“Remember And Worship: The Mandate And The Means -- By: Tim Ralston
RAR 9:3 (Summer 2000) p. 77
“Remember And Worship:
The Mandate And The Means
The Bible paints vivid images of a universe wholly involved in divine worship. So God’s people throughout history have valued corporate worship as their crowning work, believing that “The heart of the Christian life is to be found in the act of public worship.”1
By the mid-twentieth century the crown had so tarnished that A. W. Tozer spoke of it as the “missing jewel.”2 His prophetic voice inspired many to pursue the gem. Worship became a priority as books, conferences, and programs sprang up offering recovery strategies. Many of these new stones lacked the symmetry and purity of the original. Sometimes they were only a paste imitation that appealed to the senses but lacked enduring value. Much was made of Jesus’ words that true worship must be offered “in spirit and truth” (John 4:23–24). Populist teachers said Jesus disdained formal structure and gave us freedom to worship in whatever ways were culturally convenient and personally meaningful. With no prescription and only Acts’ descriptions, it became fashionable to argue that there is no authoritative biblical pattern for the corporate worship of the church.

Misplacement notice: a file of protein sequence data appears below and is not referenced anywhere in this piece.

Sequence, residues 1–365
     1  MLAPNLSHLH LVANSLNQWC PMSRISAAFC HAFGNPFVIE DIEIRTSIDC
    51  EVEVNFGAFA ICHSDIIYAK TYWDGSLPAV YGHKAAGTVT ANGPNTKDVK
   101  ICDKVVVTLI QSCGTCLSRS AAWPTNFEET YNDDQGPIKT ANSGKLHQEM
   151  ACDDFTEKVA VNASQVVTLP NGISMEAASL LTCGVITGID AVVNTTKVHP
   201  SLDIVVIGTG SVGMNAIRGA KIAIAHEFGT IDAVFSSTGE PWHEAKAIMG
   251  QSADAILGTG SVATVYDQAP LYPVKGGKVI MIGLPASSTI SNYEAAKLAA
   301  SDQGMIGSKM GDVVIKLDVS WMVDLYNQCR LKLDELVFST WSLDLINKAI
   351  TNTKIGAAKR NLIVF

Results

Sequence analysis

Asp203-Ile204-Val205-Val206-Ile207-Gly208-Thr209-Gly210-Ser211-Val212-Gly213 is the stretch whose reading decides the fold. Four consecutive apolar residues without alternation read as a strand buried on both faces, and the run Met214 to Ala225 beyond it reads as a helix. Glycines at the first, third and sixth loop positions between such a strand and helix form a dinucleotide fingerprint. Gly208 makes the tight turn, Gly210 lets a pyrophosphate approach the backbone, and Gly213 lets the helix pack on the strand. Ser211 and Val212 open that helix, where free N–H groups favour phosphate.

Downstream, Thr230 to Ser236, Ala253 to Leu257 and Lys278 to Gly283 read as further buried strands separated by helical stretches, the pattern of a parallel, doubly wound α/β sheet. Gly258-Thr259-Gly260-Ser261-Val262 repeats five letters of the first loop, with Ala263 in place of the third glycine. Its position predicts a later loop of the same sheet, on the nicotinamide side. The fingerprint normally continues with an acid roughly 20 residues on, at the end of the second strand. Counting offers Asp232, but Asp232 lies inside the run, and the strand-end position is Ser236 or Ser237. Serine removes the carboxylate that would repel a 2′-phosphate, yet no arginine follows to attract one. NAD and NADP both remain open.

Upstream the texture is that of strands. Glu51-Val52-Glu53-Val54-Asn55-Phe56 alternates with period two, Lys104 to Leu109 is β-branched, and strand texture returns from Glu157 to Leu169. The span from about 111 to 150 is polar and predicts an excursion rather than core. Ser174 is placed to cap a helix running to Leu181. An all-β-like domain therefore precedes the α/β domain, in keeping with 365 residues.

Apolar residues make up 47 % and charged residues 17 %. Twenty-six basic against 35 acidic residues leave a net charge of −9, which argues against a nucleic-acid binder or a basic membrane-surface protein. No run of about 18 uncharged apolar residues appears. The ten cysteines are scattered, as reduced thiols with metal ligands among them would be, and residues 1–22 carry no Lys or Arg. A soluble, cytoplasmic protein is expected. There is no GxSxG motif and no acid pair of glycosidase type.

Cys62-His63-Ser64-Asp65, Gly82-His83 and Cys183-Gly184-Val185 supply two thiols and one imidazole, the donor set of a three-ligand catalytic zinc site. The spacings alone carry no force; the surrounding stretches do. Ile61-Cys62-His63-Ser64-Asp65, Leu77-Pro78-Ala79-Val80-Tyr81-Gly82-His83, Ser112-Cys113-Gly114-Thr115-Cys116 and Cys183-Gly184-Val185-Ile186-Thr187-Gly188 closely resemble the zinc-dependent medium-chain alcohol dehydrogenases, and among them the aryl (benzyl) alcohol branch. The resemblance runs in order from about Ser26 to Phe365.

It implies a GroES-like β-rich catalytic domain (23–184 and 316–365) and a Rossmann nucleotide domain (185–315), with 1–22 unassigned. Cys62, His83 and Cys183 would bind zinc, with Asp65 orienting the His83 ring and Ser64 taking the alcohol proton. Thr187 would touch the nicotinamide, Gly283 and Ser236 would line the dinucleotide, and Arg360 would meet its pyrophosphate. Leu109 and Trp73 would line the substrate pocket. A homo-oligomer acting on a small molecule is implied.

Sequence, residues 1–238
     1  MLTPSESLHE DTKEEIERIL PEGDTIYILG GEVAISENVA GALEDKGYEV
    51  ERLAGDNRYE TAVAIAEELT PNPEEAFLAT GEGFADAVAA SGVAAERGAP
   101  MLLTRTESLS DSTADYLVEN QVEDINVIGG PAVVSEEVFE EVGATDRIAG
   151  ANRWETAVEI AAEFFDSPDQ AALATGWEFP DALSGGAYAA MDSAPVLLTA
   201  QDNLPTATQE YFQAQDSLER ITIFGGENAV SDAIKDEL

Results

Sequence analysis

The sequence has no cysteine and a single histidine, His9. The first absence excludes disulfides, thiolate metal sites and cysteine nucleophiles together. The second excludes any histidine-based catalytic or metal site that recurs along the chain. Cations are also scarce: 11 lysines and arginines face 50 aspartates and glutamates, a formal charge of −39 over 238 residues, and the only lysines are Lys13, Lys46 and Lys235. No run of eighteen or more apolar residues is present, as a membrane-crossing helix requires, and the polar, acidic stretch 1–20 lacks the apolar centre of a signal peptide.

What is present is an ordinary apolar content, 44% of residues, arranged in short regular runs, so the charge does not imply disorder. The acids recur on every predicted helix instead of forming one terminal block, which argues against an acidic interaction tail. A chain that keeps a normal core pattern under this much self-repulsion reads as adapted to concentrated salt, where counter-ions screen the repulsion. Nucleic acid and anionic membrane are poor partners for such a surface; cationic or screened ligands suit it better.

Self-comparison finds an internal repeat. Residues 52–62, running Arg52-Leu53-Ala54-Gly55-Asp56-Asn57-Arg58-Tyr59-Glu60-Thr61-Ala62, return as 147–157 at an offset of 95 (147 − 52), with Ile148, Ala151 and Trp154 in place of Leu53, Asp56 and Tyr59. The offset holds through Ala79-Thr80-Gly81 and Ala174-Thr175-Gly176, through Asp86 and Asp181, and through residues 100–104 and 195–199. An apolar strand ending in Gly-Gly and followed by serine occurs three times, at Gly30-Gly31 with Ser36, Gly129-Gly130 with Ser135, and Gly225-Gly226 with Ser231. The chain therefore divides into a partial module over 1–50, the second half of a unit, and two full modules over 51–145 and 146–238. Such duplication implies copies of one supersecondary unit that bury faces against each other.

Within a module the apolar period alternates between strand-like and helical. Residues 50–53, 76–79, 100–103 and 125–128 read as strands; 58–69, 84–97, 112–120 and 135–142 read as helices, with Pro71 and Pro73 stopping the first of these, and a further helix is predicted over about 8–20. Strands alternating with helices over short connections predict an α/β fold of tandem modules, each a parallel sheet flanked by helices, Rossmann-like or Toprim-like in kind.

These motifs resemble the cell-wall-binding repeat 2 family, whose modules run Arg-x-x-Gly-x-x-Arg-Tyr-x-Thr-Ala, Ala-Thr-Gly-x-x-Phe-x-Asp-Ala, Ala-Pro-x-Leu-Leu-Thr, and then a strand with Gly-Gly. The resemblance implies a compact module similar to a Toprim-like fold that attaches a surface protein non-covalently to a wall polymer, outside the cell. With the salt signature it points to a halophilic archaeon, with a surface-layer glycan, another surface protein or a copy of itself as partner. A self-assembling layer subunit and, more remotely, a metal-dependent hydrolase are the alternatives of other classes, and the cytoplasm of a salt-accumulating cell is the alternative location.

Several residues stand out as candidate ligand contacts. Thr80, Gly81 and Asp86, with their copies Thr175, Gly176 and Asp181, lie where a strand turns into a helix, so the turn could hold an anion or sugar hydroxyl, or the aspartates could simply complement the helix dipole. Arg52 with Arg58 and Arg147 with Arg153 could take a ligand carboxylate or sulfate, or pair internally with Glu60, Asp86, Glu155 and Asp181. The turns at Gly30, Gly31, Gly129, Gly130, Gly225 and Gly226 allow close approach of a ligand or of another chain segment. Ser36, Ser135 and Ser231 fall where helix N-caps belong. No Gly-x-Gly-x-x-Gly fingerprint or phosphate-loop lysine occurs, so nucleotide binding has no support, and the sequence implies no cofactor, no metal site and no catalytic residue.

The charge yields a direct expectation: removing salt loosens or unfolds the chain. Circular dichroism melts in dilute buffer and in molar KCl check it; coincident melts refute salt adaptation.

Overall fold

Today, however, a consensus is growing among evangelical scholars that Jesus did give his disciples a basic paradigm for their formal gatherings. Because the model assumed an understanding of Old Testament theology, was practiced by all the churches, and rarely experienced problems
RAR 9:3 (Summer 2000) p. 78
demanding formal correction, explicit prescriptions in the New Testament Epistles were unnecessary. The form was practiced universally to the sixteenth century, at which time all the Protestant Reformers affirmed it. Its demise resulted from theological reaction, pious neglect, and the pragmatic spirit characteristic of American Christianity.
In Spirit And Truth
If we look more closely at Jesus’ words to the Samaritan woman, it becomes clear that he was not eliminating issues of form in worship. In the first century, the culture had given the Greek verb, “worship” (proskuneo), the connotation of taking a religious pilgrimage to a place.3 When the Samaritan women asked where she must go, Jesus corrected her misperception that “place” alone fulfilled God’s concerns.
“Spirit and truth” was an affirmation of Old Testament worship priorities. “Truth” denotes worship that conforms to a true knowled...
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